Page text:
If the primaryOne pool has the Dynamic Ratio setting enabled, however, the Global Traffic Manager treats the round trip time values as ratios and divide requests among pool members based on these ratios. In this case, this results in memberOne getting twice as many connections as memberTwo, because the round trip time for memberOne is twice as fast as the round trip time for memberTwo. Note that, with the Dynamic Ratio option enabled, both pool members are employed to handle connections, while if the option is disabled, only one pool member receives connections.
1.
On the Main tab of the navigation pane, expand Global Traffic and click Pools.
The main screen for pools opens.
2.
Click the name of the pool for which you want to enable the Dynamic Ratio option.
The properties screen for the pool opens.
3.
From the Configuration list, select Advanced.
Additional fields display with default settings.
4.
Check the Dynamic Ratio box.
5.
Click the Update button to save your changes.
Wide IP
When you define a wide IP, and you have multiple pools in your wide IP, you specify which load balancing mode to use in selecting a pool in the wide IP. To configure load balancing for a wide IP, see Configuring load balancing methods for wide IPs, following.
Pool
After the Global Traffic Manager selects a pool of virtual servers, it then employs the settings you specified as the preferred, alternate, and fallback load balancing methods to select a virtual server within the selected pool. To configure load balancing for a pool, see Configuring load balancing methods for pools.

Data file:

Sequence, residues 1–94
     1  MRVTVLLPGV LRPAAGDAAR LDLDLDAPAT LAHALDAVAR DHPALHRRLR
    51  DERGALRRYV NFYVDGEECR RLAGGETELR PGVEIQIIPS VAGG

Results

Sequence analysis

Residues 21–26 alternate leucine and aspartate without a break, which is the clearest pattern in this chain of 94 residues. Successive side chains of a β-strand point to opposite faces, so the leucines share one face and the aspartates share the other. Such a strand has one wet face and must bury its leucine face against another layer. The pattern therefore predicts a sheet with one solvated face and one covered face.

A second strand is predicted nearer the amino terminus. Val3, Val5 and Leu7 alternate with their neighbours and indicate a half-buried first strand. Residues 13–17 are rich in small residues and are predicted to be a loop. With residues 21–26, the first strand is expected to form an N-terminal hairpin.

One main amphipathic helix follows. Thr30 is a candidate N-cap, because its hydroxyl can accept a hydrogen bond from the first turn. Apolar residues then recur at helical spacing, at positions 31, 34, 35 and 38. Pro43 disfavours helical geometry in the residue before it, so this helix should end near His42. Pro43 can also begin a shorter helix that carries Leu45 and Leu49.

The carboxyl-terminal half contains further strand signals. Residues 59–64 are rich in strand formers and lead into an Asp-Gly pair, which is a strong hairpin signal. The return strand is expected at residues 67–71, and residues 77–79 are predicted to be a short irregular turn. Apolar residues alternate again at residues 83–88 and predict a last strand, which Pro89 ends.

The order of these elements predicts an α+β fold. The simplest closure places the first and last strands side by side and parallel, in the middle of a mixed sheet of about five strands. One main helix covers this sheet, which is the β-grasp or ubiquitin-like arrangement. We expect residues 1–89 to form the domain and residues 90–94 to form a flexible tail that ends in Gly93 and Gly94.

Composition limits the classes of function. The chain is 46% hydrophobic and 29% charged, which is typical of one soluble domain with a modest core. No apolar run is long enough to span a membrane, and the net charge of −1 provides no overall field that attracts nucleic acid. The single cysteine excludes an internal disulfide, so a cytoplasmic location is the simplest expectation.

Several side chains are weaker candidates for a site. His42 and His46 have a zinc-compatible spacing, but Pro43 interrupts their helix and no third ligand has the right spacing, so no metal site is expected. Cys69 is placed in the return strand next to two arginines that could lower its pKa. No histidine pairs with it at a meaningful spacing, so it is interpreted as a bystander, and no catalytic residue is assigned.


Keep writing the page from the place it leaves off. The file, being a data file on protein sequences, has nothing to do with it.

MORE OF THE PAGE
There may be situations (for example, e-commerce, and other sites with multiple services) where you need to configure a wide IP so that connections are not sent to a given address unless multiple ports or services are available. You configure this behavior after you define the wide IP. For details, see Employing additional load balancing options.
The Global Traffic Manager supports a wide variety of load balancing methods for distributing network connection requests across the pools in a wide IP. For information on these load balancing methods, see Understanding load balancing on the Global Traffic Manager.